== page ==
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Nerve Fascicle
A nerve fascicle or fasciculus is a bundle of one or more funiculus.[1][2] A nerve fascicle refers to nerves in the peripheral nervous system; in the central nervous system this is known as a tract. See also[edit]Perineurium Epineurium Endoneurium Nerve Nervous tissue Medial longitudinal fasciculusReferences[edit]^ Gray, Henry; Lewis, Warren Harmon (1918). Anatomy of the human body. Harold B. Lee Library. Philadelphia : Lea & Febiger.  ^ Siegel, A. & Sapru, H. (2011)
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Tibial Nerve
The tibial nerve is a branch of the sciatic nerve. The tibial nerve passes through the popliteal fossa to pass below the arch of soleus.Contents1 Structure1.1 Popliteal fossa 1.2 Back of the leg 1.3 Foot2 Additional images 3 External links 4 ReferencesStructure[edit] Popliteal fossa[edit] Tibia
Tibia
nerve is the larger terminal branch of the sciatic nerve with root values of L4, L5, S1, S2, and S3. It lies superficial (or posterior) to the popliteal vessels, extending from the superior angle to the inferior angle of the popliteal fossa, crossing the popliteal vessels from lateral to medial side. It gives off branches as shown below:[1]Muscular branches - Muscular branches arises from the distal part of the popliteal fossa. It supplies the medial and lateral heads of gastrocnemius, soleus, plantaris and popliteus muscles
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Medial Longitudinal Fasciculus
The medial longitudinal fasciculus (MLF) is one of a pair of crossed fiber tracts (group of axons), on each side of the brainstem. These bundles of axons are situated near the midline of the brainstem and are composed of both ascending and descending fibers that arise from a number of sources and terminate in different areas. MLF is the main central connection for the oculomotor nerve, trochlear nerve, and abducens nerve
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Connective Tissue
Connective tissue
Connective tissue
(CT) is one of the four basic types of animal tissue, along with epithelial tissue, muscle tissue, and nervous tissue. It develops from the mesoderm. Connective tissue
Connective tissue
is found in between other tissues everywhere in the body, including the nervous system. In the central nervous system, the three outer membranes (the meninges) that envelop the brain and spinal cord are composed of connective tissue. They support and protect the body. All connective tissue consists of three main components: fibers (elastic and collagenous fibers),[1] ground substance and cells. Not all authorities include blood[2] or lymph as connective tissue because they lack the fiber component
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Terminologia Anatomica
Terminologia Anatomica (TA) is the international standard on human anatomic terminology
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Commissure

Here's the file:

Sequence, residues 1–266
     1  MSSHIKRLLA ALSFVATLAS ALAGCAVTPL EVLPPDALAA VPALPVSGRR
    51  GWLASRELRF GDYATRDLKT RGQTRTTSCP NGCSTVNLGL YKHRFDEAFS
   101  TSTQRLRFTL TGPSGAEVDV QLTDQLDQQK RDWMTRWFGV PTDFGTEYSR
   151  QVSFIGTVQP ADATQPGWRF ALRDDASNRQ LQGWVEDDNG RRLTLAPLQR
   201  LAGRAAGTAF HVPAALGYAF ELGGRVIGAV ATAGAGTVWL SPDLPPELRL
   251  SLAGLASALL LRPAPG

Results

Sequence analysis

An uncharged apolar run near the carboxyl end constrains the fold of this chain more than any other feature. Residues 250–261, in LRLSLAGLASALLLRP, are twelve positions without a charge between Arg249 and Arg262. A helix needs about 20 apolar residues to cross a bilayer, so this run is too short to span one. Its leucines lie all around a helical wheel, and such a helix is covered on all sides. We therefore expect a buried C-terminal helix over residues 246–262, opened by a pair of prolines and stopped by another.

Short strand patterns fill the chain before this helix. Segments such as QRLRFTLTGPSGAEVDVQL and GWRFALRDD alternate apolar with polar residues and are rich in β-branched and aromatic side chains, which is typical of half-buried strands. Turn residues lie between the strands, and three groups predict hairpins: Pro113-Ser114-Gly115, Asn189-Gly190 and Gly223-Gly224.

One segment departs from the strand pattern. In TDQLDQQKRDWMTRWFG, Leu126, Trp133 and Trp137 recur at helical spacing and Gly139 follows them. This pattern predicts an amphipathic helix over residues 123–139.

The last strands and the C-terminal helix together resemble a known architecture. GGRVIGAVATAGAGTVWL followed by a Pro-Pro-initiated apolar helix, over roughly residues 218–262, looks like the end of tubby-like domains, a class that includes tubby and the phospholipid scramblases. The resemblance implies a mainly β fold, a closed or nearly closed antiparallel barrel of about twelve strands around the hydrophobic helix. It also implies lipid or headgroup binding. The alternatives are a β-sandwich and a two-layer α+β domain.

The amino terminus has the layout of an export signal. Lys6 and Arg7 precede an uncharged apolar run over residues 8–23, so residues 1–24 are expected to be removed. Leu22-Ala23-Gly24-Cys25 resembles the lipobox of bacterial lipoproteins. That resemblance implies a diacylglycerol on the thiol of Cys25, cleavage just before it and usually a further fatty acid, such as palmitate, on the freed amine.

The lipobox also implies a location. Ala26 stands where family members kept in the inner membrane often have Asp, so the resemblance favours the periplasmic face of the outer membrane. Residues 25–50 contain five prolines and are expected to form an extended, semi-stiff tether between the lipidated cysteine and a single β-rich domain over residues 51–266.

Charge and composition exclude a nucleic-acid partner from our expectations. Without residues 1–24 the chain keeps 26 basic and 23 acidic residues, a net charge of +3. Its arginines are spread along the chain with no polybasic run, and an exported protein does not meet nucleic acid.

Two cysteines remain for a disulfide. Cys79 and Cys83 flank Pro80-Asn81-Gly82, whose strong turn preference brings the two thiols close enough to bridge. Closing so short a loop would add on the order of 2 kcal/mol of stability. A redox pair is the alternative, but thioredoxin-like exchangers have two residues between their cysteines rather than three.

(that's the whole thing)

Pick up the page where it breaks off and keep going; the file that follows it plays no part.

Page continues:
A commissure (/ˈkɒməʃər/) is the place where two things abut or are joined. The term is used especially in the fields of anatomy and biology.The most common usage of the term refers to the brain's commissures, of which there are five. Such a commissure is a bundle of commissural fibers as a tract that crosses the midline at its level of origin or entry (as opposed to a decussation of fibers that cross obliquely). The five are the anterior commissure, posterior commissure, corpus callosum, commissure of fornix (hippocampal commissure), and habenular commissure. They consist of fibre tracts that connect the two cerebral hemispheres and span the longitudinal fissure. In the spinal cord there are the anterior white commissure, and the gray commissure. Commissure also often refers to cardiac anatomy of heart valves
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Decussation
Decussation
Decussation
is used in biological contexts to describe a crossing (Latin: the roman numeral for ten, deca, is an uppercase 'X'). (In Latin anatomical terms the form decussatio is used, e.g. decussatio pyramidum.) Similarly, the anatomical term chiasma is named after the Greek uppercase 'Χ', chi). Examples include:In the brain, where nerve fibers obliquely cross from one lateral part to the other, that is to say they cross at a level other than their origin. See for examples Decussation of pyramids
Decussation of pyramids
and sensory decussation. Decussation
Decussation
describes the point where the nerves cross from one side of the brain to the other, and typically the nerves from the left side of the body decussate to the right side of the brain and the nerves from the right side of the body decussate to the left brain, however depending on the function of the nerves the level of decussation is variable
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Projection Fiber
Projection, projector, or projective may refer to:Contents1 Chemistry 2 Mathematics 3 Other 4 See alsoProjection, the display of images by a projector, using devices such asMovie projector Video projector Overhead projector Slide projector Camera obscura Projection screenMap projection, reducing the surface of a three-dimensional planet to a flat map (geography) Graphical projection, the production of a two-dimensional image of a three-dimensional objectParallel projectionOrthographic projection, including:Multiview projectionPlan, or floor plan view Elevation, usually a side view of an exterior Section, a view of the interior at a particular cutting planeAxonometric projection, including:Isometric projection Dimetric projection Trimetric
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Gray's Anatomy
Gray's Anatomy
Gray's Anatomy
is an English-language textbook of human anatomy originally written by Henry Gray
Henry Gray